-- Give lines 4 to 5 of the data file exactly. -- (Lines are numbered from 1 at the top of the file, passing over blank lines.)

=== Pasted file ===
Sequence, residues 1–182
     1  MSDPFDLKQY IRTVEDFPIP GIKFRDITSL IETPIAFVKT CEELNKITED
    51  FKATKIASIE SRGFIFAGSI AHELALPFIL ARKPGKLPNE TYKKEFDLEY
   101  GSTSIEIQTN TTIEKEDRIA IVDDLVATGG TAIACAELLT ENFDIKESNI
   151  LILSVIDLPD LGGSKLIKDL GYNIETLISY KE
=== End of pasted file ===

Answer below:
   101  GSTSIEIQTN TTIEKEDRIA IVDDLVATGG TAIACAELLT ENFDIKESNI
   151  LILSVIDLPD LGGSKLIKDL GYNIETLISY KE